A geographer, photographer and documentarian, Trevor Paglen explores and attempts to reveal the clandestine world of US Military 'black ops', and to fill in some of the blank areas on the map. From locating and photographing secret bases, to snatched images of 'extraordinary rendition' flights transporting terror suspects, to patches and insignia from covert military missions, Paglen's output is far from conventional. In fact, despite having gallery representation, he's more like a conspiracy theorist, but a credible one who goes out of his way to play down any wacky theories, and attempts to document as much of this murky world as possible, thus letting his work do the talking for him. He frequently employs absurdly complicated measures to locate and photograph his subject matter: plotting the trajectories of secret US military satellites and taking long exposure shots of the night sky in an attempt to capture their path; shooting a biological weapons proving ground from over 40 miles away, resulting in a blurry, hazy but ultimately chilling image.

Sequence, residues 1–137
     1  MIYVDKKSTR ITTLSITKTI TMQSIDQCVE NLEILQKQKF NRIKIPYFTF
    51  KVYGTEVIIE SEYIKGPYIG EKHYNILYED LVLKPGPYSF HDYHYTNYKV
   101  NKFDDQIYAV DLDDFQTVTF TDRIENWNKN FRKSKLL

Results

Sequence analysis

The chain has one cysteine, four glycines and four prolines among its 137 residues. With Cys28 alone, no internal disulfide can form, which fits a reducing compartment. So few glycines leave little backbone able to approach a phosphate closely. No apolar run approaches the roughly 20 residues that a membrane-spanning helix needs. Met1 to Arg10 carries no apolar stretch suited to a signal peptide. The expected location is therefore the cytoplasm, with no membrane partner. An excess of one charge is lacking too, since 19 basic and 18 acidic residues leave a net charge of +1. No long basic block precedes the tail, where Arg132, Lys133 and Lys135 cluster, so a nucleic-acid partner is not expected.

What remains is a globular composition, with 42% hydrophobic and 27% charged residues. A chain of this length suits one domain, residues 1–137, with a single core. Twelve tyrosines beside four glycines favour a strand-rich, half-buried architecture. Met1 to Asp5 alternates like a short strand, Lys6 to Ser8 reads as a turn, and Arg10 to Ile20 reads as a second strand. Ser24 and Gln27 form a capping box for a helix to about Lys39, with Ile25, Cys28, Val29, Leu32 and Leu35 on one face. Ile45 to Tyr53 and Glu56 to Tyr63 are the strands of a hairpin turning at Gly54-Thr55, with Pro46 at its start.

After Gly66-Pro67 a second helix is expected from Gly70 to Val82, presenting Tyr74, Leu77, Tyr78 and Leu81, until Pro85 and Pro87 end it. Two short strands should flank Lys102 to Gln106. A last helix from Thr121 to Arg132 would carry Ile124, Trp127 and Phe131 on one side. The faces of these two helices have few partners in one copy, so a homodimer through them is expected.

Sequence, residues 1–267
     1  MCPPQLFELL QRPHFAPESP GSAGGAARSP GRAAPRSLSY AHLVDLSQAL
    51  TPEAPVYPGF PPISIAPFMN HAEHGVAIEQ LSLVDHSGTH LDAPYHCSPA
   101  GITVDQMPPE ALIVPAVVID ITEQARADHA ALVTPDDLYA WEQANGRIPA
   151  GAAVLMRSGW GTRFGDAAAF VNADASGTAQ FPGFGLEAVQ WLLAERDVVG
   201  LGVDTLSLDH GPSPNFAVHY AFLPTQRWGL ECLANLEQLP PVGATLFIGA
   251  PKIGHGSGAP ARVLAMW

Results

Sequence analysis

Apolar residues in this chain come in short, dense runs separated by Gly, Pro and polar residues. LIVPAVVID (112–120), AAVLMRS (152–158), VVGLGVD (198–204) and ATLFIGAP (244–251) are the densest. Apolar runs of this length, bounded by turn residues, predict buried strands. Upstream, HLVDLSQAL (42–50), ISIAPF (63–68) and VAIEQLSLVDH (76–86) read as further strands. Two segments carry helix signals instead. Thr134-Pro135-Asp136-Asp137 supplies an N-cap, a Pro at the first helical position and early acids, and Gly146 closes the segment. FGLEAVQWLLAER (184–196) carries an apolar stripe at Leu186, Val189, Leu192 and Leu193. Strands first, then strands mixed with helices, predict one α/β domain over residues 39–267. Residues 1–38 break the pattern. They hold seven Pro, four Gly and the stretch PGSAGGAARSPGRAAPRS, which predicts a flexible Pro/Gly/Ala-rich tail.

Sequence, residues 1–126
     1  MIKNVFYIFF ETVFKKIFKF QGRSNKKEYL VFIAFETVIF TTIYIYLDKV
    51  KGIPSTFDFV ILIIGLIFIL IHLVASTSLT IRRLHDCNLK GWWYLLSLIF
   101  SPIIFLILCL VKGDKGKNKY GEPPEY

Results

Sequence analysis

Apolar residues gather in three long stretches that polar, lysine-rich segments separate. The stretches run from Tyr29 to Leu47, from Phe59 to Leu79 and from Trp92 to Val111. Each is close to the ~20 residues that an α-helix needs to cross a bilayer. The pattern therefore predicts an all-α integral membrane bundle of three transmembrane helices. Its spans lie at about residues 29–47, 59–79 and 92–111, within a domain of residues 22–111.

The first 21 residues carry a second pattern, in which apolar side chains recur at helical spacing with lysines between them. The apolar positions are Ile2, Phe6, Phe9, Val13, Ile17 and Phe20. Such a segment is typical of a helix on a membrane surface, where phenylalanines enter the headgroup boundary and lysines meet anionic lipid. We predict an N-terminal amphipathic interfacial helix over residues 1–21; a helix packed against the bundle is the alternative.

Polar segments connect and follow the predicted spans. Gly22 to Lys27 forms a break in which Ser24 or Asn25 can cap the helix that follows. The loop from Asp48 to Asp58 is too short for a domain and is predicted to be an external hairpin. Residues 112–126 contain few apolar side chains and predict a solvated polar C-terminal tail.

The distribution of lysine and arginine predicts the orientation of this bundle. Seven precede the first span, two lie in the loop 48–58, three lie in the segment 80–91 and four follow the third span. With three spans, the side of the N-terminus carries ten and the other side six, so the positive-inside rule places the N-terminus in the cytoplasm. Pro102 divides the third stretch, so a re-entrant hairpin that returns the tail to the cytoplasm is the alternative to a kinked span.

Paglen details his findings sporadically on a blog, and word of his work has spread, so he now finds himself receiving anonymous packages from people inside the military world, who seem keen to aid him in his work. The mission patches are particularly fascinating; its been a long tradition in the US armed forces to create a unique patch for each testing mission or project, no matter how top secret, and some of these have found their way to Paglen. The symbolism and graphics on these patches are open to interpretation, and comic as they can look they do invariably allude to what the aim of the mission was. The favoured image of a snarling dragon ensaring the globe is pretty disconcerting, but perhaps somehow fitting - in the days before the world was fully mapped and charted, cartographers used to write 'here be dragons' to mark unknown areas. These unknown, unmapped areas are now deliberate blank spots on maps created by the military machine, and the dragons now represent very different beasts indeed.
Large Hangars and Fuel Storage, Tonopah Test Range, NV. Distance - 18 miles
Chemical and Biological Weapons Proving Ground, Dugway, UT. Distance - 42 miles, 10:51am
Unmarked 737 at Gold Coast Terminal, Las Vegas, NV. Distance - 1 mile, 10:44pm
Milstar 3 in Sagittarius (Inactive Communication and Targeting Satellite; USA 143), 2008
DMSP 5B/F4 from Pyramid Lake Indian Reservation (Military Meteorological Satellite; 1973-054A), 2009
All images © Trevor Paglen